- Assistant Professor
- James Madison University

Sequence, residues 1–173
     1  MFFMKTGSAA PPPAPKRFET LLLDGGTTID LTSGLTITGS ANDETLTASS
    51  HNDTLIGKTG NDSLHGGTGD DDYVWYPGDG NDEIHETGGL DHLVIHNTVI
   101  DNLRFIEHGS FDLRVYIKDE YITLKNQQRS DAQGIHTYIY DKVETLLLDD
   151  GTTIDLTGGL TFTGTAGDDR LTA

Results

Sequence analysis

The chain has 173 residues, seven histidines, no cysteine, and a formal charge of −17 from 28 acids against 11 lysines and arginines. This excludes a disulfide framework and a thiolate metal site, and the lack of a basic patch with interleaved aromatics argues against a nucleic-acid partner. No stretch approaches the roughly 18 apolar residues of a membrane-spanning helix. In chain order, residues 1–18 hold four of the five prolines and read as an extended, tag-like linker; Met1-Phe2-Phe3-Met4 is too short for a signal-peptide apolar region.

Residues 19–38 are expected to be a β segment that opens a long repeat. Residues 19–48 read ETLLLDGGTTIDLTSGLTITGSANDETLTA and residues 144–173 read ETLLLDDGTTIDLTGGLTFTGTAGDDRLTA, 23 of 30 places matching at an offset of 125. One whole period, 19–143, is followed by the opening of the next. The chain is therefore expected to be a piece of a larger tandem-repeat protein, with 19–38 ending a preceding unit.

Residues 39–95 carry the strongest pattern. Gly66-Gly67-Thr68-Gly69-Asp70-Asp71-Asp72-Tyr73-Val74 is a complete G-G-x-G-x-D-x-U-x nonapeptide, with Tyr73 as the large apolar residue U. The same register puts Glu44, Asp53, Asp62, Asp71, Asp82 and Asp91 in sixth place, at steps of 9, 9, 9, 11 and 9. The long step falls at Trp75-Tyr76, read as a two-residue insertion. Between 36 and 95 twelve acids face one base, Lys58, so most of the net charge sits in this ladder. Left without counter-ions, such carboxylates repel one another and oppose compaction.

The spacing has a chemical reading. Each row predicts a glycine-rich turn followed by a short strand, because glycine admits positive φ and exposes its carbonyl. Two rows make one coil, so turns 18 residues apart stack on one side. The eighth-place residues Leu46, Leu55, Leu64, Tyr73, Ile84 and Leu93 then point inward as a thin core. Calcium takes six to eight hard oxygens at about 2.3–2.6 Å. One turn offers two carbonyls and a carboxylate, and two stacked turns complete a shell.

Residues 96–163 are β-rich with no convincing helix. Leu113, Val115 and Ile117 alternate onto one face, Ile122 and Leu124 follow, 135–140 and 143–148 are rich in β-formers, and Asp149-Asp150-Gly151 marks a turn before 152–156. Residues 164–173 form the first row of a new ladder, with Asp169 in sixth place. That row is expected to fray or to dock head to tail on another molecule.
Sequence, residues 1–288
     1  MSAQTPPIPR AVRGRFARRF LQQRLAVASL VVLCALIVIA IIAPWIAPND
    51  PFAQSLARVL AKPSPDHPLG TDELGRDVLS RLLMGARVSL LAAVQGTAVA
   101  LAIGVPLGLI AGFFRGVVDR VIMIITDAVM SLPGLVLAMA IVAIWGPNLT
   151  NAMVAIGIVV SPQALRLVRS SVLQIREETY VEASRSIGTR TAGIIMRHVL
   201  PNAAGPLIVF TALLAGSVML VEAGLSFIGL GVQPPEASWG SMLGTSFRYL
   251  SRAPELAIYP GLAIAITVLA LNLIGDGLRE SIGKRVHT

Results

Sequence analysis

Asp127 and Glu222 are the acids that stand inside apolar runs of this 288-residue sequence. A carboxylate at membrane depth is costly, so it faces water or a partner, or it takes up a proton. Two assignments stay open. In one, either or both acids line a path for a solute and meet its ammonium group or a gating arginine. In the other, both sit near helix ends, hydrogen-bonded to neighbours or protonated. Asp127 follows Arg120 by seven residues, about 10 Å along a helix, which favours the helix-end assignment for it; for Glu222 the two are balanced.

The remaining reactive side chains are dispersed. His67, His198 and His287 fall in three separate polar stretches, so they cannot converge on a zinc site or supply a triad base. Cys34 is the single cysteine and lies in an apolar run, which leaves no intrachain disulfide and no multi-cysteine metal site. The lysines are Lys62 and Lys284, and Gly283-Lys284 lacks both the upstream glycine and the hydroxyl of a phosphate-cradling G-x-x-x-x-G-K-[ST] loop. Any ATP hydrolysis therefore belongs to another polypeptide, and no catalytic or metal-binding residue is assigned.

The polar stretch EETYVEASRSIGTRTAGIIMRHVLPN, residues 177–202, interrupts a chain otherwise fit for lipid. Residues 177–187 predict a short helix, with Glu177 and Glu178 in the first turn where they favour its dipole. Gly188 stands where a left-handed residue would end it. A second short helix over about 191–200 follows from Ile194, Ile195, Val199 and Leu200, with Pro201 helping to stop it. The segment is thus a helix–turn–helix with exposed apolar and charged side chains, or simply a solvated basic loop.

In the United States, the Miranda warning informs laypersons who are subject to police questioning of two fundamental constitutional rights: the right against compelled self-incrimination and the right to counsel. The manner in which laypersons invoke rights reveals their understanding of how language is used to achieve linguistic goals that may not be consonant with case law and its enforcement. This project examines legal institutions’ historical interpretation and enforcement of linguistic actions invoking constitutional rights; laypersons’ knowledge of how discourse is used to achieve linguistic goals in institutional settings; and the effect of Miranda case law on police-layperson custodial exchanges. The project argues that despite the role of discourse in shaping legal outcomes, the validity and widely accepted use of linguistic analysis to understand a legal process is yet to be fully and uniformly embraced by the courts and those who enforce the law.